DeFazio Votes to Make America Safer by Implementing the 9/11 Commission's Recommendations
January 9, 2007
Press Release | Contact: Danielle Langone (202) 225-6416
WASHINGTON, DC—U.S. Congressman Peter DeFazio voted today for a bill to implement the recommendations of the bipartisan 9/11 Commission, which he has been urging since the Commission's report was published in 2004. The bill will enhance homeland security at airports, in our airways, and in our ports, and will allow our first responders to better communicate with one another.
The House passed the bill this evening by a vote of 299 to 128.
"One of my highest priorities has been to implement the common-sense recommendations of the 9/11 Commission," DeFazio said. "Improving explosive detection at airports, scanning containers before they reach our ports, and inspecting cargo on our airplanes will go a long way toward securing our nation against an attack. Today's legislation will also help our first responders communicate with one another in an emergency, improving rescue efforts and helping keep Americans safer."
The bill includes a number of long-overdue steps to substantially improve homeland security, including:
- Funding to meet the highest priority need of our police, fire, and other emergency first responders for state-of-the-art interoperable communications equipment.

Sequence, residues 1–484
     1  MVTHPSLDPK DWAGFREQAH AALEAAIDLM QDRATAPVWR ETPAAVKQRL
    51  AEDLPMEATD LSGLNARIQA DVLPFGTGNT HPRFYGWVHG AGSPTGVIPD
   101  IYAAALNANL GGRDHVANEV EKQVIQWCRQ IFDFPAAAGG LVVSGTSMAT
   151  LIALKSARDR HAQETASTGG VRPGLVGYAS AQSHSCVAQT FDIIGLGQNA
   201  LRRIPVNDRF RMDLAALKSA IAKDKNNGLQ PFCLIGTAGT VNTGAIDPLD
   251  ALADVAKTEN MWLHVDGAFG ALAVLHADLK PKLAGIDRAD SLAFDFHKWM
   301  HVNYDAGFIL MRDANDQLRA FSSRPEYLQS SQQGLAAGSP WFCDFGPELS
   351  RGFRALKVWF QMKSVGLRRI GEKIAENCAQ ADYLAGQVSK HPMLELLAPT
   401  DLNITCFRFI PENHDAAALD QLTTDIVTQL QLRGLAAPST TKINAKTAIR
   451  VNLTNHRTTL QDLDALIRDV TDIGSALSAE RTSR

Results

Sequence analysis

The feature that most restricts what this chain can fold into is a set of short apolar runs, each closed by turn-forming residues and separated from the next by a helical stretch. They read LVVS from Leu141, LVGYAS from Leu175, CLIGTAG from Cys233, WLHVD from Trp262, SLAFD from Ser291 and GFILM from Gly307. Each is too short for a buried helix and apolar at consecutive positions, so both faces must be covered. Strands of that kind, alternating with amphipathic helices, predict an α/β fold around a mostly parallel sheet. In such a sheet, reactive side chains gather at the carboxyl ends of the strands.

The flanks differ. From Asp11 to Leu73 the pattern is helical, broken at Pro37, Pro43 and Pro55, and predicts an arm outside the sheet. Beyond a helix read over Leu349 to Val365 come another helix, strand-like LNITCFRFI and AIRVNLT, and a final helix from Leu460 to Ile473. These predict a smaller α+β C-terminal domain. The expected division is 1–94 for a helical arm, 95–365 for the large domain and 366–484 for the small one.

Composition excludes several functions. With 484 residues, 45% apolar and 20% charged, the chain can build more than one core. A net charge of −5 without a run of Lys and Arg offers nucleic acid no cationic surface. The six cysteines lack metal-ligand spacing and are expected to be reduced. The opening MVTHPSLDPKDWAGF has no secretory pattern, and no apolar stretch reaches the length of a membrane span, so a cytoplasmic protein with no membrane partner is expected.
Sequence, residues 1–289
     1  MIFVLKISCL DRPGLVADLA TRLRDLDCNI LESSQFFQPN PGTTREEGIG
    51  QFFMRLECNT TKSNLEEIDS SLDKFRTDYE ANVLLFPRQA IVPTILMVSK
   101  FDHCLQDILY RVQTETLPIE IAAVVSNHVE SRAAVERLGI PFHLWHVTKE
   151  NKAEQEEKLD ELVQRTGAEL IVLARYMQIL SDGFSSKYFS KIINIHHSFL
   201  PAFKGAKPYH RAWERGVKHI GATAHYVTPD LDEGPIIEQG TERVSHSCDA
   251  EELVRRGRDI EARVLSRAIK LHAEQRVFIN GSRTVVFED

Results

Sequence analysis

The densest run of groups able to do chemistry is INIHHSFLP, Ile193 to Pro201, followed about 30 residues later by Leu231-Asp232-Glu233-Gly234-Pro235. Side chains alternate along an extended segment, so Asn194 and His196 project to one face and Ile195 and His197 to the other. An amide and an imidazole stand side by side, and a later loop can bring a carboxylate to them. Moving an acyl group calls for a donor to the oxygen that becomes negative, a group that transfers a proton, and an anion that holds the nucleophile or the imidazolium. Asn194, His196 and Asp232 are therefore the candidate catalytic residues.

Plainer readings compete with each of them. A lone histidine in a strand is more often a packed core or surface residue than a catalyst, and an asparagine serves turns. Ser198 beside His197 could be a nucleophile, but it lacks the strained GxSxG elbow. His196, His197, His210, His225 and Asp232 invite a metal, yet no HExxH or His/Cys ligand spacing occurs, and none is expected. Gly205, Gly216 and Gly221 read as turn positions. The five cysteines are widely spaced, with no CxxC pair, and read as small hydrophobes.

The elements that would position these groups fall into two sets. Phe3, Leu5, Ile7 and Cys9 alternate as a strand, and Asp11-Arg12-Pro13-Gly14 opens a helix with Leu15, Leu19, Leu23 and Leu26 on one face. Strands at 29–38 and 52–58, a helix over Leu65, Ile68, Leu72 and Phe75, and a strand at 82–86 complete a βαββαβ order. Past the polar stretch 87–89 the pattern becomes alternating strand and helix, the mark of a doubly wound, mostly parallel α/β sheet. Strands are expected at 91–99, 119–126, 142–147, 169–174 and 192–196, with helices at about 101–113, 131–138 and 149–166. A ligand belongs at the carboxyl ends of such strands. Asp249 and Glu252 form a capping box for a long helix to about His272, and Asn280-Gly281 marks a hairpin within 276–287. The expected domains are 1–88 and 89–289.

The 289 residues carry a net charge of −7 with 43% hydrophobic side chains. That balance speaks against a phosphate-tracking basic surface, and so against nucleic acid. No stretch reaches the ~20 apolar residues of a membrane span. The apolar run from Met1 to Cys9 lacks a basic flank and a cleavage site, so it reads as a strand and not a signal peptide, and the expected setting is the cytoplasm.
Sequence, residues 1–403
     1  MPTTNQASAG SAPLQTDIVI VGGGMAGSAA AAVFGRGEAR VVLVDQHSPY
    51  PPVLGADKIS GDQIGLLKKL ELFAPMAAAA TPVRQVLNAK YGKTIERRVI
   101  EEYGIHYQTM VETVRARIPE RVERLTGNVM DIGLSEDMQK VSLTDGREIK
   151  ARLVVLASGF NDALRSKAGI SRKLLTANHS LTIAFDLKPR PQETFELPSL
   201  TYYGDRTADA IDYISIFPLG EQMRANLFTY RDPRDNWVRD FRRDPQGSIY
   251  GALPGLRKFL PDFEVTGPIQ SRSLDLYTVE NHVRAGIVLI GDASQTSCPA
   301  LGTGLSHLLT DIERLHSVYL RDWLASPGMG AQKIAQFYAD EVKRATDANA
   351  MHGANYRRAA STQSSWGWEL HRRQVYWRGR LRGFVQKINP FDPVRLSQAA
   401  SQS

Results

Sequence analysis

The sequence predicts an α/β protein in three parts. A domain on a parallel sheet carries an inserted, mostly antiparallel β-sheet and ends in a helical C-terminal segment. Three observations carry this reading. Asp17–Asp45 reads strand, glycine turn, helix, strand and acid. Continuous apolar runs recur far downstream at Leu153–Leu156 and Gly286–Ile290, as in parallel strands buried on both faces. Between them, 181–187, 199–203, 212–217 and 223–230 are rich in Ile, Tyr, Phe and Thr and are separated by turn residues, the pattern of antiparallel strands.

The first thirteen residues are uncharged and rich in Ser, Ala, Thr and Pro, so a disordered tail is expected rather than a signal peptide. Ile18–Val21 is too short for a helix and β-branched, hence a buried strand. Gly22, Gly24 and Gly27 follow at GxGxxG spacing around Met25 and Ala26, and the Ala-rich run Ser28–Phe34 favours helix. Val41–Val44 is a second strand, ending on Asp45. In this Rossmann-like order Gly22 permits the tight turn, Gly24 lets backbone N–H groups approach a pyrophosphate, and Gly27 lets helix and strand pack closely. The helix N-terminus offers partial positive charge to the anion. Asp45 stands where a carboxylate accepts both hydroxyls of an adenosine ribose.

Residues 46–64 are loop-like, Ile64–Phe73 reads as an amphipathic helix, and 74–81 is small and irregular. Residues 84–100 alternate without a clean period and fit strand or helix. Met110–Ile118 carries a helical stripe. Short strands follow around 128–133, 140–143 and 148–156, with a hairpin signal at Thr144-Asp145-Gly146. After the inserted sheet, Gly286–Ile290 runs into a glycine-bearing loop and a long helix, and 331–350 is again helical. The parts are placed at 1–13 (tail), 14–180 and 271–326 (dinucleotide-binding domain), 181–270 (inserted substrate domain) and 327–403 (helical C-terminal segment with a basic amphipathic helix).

- Accelerating the installation of in-line explosive detection systems for checked baggage at the nation's airports and provides a dedicated $1 billion funding stream.
- Creating a Checkpoint Screening Security Fund that will provide $250 million to improve explosive detection systems at passenger checkpoints at the nation's airports.
- Phasing in a requirement for 100 percent inspection scanning of U.S.-bound shipping containers at foreign ports over the next five years.
- Creates an Office of Appeals and Redress to assist passengers who are wrongly delayed or prohibited from boarding a flight.
- Restoring the rights and protections for TSA employees and whistleblowers.
In addition, the bill would alter the formula for key Homeland Security grant programs to ensure the majority of the funds it distributes is based on risk. The current formula has resulted in low-population states like Wyoming receiving more Homeland Security funds on a per capita basis than high threat areas like New York City or Washington, DC. The change in formula reflects a 9/11 Commission recommendation that the formula for fund allocation be based almost entirely on risk.
The legislation also included measures to improve existing programs to prevent the proliferation of WMDs and to establish a more robust Privacy and Civil Liberties Oversight Board.